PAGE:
Why you should read James Baldwin for Black History Month and every month after that

James Baldwin’s works are just as relevant today as in the years they were written. (photo courtesy of wikimedia)

The first time I read James Baldwin, his words left me in awe and wanting to read more. I first read Giovanni’s Room about a year ago and have made it my personal goal to read all his works. Although his works were written in the 1950s and 1960s, they still resonate today and for the future. Every thought is well defined. Every sentence is needed. His prose is short and particular, but demands to be read. 

Giovanni’s Room

David, an American man, stays in Paris while his girlfriend travels in Spain. He is a closeted gay man who meets an Italian man named Giovanni. They fall in love. But after a tragedy and the return of David’s girlfriend, David’s life is changed forever. This novel was written in 1956 which, as you can imagine, was highly controversial. How could an African-American novelist write about homosexuality? But this novel is not just about homosexuality, it is ultimately a novel on love. As we near Valentine’s Day, treat yourself to a novel about the rawness, perils, and passion that love brings. I have re-read the ending for this novel about twenty times. I won’t spoil it for you, but it will leave you wanting more.

“Giovanni’s Room” by James Baldwin was published in 1956. (photo courtesy of author)

“Perhaps, as we say in America, I wanted to find myself. This is an interesting phrase, not current as far as I know in the language of any other people, which certainly does not mean what it says but betrays a nagging suspicion that something has been misplaced. I think now that if I had any intimation that the self I was going to find would turn out to be only the same self from which I had spent so much time in flight, I would have stayed at home.”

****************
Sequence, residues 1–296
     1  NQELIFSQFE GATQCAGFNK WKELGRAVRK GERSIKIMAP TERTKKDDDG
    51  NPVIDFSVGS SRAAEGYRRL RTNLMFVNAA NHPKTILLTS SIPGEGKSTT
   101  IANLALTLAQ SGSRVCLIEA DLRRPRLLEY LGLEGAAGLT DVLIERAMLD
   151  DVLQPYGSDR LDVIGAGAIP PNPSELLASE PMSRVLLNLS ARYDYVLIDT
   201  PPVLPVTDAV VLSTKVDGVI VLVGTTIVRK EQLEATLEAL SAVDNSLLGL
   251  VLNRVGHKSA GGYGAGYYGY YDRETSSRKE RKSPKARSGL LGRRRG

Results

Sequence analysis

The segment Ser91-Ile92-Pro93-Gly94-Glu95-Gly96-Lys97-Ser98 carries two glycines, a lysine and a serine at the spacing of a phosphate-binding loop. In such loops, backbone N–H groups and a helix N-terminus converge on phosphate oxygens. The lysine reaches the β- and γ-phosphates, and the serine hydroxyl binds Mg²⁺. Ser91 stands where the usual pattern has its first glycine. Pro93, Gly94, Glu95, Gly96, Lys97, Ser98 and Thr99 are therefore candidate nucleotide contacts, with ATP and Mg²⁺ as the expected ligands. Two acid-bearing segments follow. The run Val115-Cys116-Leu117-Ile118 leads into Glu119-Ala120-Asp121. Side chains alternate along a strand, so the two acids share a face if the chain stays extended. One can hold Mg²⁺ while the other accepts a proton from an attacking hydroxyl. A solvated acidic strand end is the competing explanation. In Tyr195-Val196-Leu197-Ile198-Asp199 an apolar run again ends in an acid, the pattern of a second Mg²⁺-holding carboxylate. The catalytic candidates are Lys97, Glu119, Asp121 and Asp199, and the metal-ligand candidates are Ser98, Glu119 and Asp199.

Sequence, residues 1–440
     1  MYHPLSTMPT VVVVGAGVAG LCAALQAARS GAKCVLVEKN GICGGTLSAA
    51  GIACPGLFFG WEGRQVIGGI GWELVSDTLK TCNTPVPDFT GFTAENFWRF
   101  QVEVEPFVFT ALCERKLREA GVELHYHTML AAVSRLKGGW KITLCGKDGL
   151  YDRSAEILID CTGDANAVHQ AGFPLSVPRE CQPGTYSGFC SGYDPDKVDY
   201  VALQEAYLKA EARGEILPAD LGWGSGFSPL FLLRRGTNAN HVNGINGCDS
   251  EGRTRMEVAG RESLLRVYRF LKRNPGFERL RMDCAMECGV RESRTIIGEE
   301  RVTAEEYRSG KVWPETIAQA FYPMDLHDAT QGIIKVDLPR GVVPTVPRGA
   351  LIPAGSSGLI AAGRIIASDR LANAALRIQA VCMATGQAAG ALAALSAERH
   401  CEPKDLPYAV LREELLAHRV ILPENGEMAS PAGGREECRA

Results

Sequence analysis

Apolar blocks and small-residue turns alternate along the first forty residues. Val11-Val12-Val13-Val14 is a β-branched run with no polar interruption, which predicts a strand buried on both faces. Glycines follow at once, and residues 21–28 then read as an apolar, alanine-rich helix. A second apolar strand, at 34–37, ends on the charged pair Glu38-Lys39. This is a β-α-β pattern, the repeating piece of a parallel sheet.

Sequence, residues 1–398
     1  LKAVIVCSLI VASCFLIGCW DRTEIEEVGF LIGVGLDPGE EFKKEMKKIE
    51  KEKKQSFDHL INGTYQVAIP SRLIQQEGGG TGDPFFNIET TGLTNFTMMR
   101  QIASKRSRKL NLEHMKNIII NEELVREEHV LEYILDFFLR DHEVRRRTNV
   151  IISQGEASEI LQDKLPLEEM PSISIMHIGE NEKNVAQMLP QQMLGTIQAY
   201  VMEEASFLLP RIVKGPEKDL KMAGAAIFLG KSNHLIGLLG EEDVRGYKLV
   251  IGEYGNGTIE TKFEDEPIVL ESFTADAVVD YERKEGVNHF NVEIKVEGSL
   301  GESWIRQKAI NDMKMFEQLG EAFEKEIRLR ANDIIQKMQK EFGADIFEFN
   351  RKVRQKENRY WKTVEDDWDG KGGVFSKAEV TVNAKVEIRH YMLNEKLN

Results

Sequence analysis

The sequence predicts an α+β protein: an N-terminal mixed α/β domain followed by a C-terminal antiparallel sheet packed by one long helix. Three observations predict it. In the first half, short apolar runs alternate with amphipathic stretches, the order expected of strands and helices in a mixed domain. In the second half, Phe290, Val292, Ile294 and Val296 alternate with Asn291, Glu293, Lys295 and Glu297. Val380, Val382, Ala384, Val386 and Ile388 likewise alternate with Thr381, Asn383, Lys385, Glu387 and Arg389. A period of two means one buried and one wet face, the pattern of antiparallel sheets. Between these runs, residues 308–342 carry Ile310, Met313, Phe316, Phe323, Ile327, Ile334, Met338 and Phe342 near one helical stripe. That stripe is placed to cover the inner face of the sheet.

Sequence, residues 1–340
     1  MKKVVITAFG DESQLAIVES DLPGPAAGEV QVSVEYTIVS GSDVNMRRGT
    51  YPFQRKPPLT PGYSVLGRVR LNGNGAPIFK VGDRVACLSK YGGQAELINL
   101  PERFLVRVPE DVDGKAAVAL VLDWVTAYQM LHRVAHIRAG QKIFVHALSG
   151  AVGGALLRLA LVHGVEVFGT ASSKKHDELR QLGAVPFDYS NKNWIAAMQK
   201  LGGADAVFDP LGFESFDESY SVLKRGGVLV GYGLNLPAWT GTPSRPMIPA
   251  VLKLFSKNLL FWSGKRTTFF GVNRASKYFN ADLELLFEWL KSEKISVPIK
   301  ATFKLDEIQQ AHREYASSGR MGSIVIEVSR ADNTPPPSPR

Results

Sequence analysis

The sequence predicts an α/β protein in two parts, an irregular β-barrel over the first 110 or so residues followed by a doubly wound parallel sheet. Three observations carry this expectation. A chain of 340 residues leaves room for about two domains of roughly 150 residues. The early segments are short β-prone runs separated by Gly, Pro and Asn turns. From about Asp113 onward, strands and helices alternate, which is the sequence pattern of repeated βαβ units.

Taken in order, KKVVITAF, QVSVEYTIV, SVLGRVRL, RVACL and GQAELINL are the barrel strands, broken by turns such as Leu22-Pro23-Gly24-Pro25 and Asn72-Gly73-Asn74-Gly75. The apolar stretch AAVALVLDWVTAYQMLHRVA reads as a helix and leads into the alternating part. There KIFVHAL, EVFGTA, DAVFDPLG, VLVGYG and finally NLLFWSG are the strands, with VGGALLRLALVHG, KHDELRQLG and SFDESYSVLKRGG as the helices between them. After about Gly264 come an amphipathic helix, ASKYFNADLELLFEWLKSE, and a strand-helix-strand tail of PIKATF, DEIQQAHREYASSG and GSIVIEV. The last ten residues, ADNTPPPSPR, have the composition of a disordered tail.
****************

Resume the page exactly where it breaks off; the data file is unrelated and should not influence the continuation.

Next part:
James Baldwin, Giovanni’s Room

Go Tell It On the Mountain

This was the first novel that James Baldwin wrote, published in 1953. It is a semi-autobiographical novel that tells of a young boy named John who lives in Harlem in the 1930s. He tells of his upbringing and the impact the Pentecostal Church has on him and his family. It also switches to the viewpoints of his mother, biological father, and stepfather. The novel is daring in the way it portrays the lives of one African-American family because each person is not who they seem to be and it delves into how they are impacted by religion, racism, and abuse. Whether one is religious or not, the novel provokes questions on how to live one’s life, where one is going, and how love can get us through. 

“Go Tell it On the Mountain” by James Baldwin was published in 1953. (photo courtesy of author)

“It’s a long way,” John said slowly, “ain’t it? It’s a hard way. It’s uphill all the way.” 

James Baldwin, Go Tell It on the Mountain

The Artist’s Struggle for Integrity’

If these novels don’t convince you, or you simply do not have time to read a whole book, I would highly recommend listening to his speech entitled “The Artist’s Struggle for Integrity.” The mere sound of his voice is enough to captivate the listener. Then comes the words. He starts out by saying, “I really don’t like words like ‘artist’ or ‘integrity’ or ‘courage’ or ‘nobility’. I have a kind of distrust for all those words because I don’t really know what those words mean. To anyone listening, this opening line would seem ironic. Why is this accomplished writer telling us he doesn’t understand these words? He later goes on to say that these words are merely “attempts to get at something which feels real.” He has a point. All of us writers who call ourselves artists are doing so because we want to feel validated by what we are doing. But would that change if we never call ourselves artists?

“I am not interested really in talking to you as an artist. It seems to me that the artist’s struggle for his integrity must be considered as a kind of metaphor for the struggle, which is universal and daily, of all human beings on the face of this globe to get to become human beings. It is not your fault, it is not my fault, that I write. And I never would come before you in the position of a complainant for doing something that I must do… The poets (by which I mean all artists) are finally the only people who know the truth about us. Soldiers don’t. Statesmen don’t. Priests don’t. Union leaders don’t. Only poets.”

James Baldwin, ‘The Artist’s Struggle for Integrity’

Other works to read by James Baldwin:

Contemporary Black Authors to Add to your List:

  • Ta-Nehisi Coates
  • Jesmyn Ward 
  • Octavia Butler

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